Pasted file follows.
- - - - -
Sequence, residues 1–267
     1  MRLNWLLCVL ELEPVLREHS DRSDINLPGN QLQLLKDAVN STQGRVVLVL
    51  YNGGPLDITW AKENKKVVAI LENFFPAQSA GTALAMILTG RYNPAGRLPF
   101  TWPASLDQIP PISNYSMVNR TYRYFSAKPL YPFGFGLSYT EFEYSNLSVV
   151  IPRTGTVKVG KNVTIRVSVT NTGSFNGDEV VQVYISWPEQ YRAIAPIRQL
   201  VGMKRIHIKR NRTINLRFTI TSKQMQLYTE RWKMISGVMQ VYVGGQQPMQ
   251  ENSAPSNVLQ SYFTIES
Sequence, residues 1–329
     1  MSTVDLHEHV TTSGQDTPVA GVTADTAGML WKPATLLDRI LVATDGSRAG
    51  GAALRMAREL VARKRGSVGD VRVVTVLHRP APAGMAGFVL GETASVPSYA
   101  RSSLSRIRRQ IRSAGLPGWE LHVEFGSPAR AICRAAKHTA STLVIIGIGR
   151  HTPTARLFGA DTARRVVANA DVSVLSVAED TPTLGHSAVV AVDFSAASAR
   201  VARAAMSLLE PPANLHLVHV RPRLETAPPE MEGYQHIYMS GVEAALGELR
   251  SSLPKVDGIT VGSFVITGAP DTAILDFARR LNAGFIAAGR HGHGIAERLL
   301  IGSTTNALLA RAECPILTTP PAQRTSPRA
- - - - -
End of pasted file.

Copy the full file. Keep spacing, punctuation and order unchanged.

Sequence, residues 1–267
     1  MRLNWLLCVL ELEPVLREHS DRSDINLPGN QLQLLKDAVN STQGRVVLVL
    51  YNGGPLDITW AKENKKVVAI LENFFPAQSA GTALAMILTG RYNPAGRLPF
   101  TWPASLDQIP PISNYSMVNR TYRYFSAKPL YPFGFGLSYT EFEYSNLSVV
   151  IPRTGTVKVG KNVTIRVSVT NTGSFNGDEV VQVYISWPEQ YRAIAPIRQL
   201  VGMKRIHIKR NRTINLRFTI TSKQMQLYTE RWKMISGVMQ VYVGGQQPMQ
   251  ENSAPSNVLQ SYFTIES
Sequence, residues 1–329
     1  MSTVDLHEHV TTSGQDTPVA GVTADTAGML WKPATLLDRI LVATDGSRAG
    51  GAALRMAREL VARKRGSVGD VRVVTVLHRP APAGMAGFVL GETASVPSYA
   101  RSSLSRIRRQ IRSAGLPGWE LHVEFGSPAR AICRAAKHTA STLVIIGIGR
   151  HTPTARLFGA DTARRVVANA DVSVLSVAED TPTLGHSAVV AVDFSAASAR
   201  VARAAMSLLE PPANLHLVHV RPRLETAPPE MEGYQHIYMS GVEAALGELR
   251  SSLPKVDGIT VGSFVITGAP DTAILDFARR LNAGFIAAGR HGHGIAERLL
   301  IGSTTNALLA RAECPILTTP PAQRTSPRA